Review: Devoted by Jennifer Mathieu

Tuesday, July 28, 2015

Title: Devoted
Author: Jennifer Mathieu
Genre: contemporary
Series: none
Pages: 336
Published: June 2, 2015
Source: Publisher
Rating: 5 out of 5

Rachel Walker is devoted to God. She prays every day, attends Calvary Christian Church with her family, helps care for her five younger siblings, dresses modestly, and prepares herself to be a wife and mother who serves the Lord with joy. But Rachel is curious about the world her family has turned away from, and increasingly finds that neither the church nor her homeschool education has the answers she craves. Rachel has always found solace in her beliefs, but now she can’t shake the feeling that her devotion might destroy her soul.

Jennifer Mathieu has hit another emotional, dark contemporary out of the park.

Rachel, the middle child in a family of ten, is part of the Quiverfull movement. Named for their strict interpretation of the psalm “Happy is the man that hath his quiver full of them: they shall not be ashamed, but they shall speak with the enemies in the gate,” (127:5, KJV,) Rachel’s evangelical parents are obsessed with having as many children as they can, so they can praise God with their sweet countenance and return to patriarchal ideals. (If this sounds familiar, yes, the Duggars are members.)

As the oldest girl in the house, (she also has three older brothers, who are not expected to help with “women’s work”, and a married sister,) Rachel is expected to work from sun up to sun down - cooking, cleaning, and homeschooling her siblings. She’s not allowed to read secular books or watch tv or get online. She can’t even leave the house without a chaperone. She can never date and her first kiss is reserved for her wedding day. Her life revolves around the church and her siblings.

After her mother falls into depression following a miscarriage, Rachel’s workload drastically increases and she feels suffocated and questions why it’s so hard to pray. She begins sneaking unauthorized web browsing, and after weeks of wrestling with herself, Rachel finds herself obsessed with the blog of a former church member, Lauren, where she documents her journey to escape the movement. When her father also discovers Lauren’s blog, he orders Rachel to a violent and brutal “camp” for reprogramming. Rather than go, the seventeen year old runs away instead, ending up at Lauren’s.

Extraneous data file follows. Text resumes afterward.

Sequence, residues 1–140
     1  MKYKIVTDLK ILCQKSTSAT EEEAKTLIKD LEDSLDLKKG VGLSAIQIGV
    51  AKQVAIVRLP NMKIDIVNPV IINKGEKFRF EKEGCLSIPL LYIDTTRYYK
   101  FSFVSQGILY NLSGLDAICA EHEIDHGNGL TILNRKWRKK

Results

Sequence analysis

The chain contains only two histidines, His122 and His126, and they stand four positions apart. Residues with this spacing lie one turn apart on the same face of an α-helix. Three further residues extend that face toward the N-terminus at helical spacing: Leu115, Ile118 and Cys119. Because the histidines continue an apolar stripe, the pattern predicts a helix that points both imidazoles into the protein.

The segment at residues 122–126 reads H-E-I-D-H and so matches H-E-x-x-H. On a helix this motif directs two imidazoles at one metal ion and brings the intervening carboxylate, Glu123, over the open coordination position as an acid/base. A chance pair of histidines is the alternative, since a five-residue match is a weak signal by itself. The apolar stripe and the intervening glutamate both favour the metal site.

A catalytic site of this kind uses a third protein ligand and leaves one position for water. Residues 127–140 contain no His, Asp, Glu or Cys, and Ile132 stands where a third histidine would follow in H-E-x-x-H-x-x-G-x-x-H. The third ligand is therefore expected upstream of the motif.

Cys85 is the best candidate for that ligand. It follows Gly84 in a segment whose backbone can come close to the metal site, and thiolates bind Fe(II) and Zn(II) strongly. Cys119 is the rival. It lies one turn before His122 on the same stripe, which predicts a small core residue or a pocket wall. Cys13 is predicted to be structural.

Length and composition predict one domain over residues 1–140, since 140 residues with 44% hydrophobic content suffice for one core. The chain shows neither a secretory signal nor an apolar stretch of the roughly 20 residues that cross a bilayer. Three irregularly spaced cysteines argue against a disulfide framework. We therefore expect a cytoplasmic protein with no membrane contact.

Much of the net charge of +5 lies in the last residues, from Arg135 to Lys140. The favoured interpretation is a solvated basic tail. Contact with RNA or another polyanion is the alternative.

Lauren, much farther along in her grieving process, can be very difficult. She’s angry. Angry with her abusive parents. Angry at the church that shielded them. Angry with the patriarchy and factory farming and her ex-boyfriend and God and Rachel’s progress and her parents. She lashes out, dating the wrong boys and drinking, much to her new roommate’s distress. But Lauren’s one of the most loving characters I’ve read. She knows it could be dangerous for her to pick up Rachel. She knows what happened when she ran away. She does it anyway. She loves the animals at her vet and the Tasty family. She’s so passionate and scared and real and I found her more interesting and relatable than Rachel in a lot of ways.

My only true problem is Mathieu doesn’t go far enough. Of course the book was written before the current Duggar scandal, but one look at No Longer Quivering will show the depth of the abuse and corruption in the movement. Lauren tells Rachel the church is abusive and cites that her dad beat her when she left, but neither mentions the blanket training, the spanking of six month olds, the way Bill Gothard blames victims for sexual abuse, (not everyone uses the ATI homeschooling program, but it is the program used by the Duggars, an obvious inspiration.) Neither mentions the isolation and withholding of mental health care. The church’s abuse is a lot more serious than sheltering one domestic abuser, in and out of the book world.

Instead, the book focuses on the successes. Rachel finds a job, organizing and updating files for a friend of Lauren’s. She meets Mark, (who is totally awesome and swoony,) and finds a way to be friends with a boy and maybe more? She stands up for herself and makes relationships outside of family and learns and even when she stumbles, Rachel moves on.

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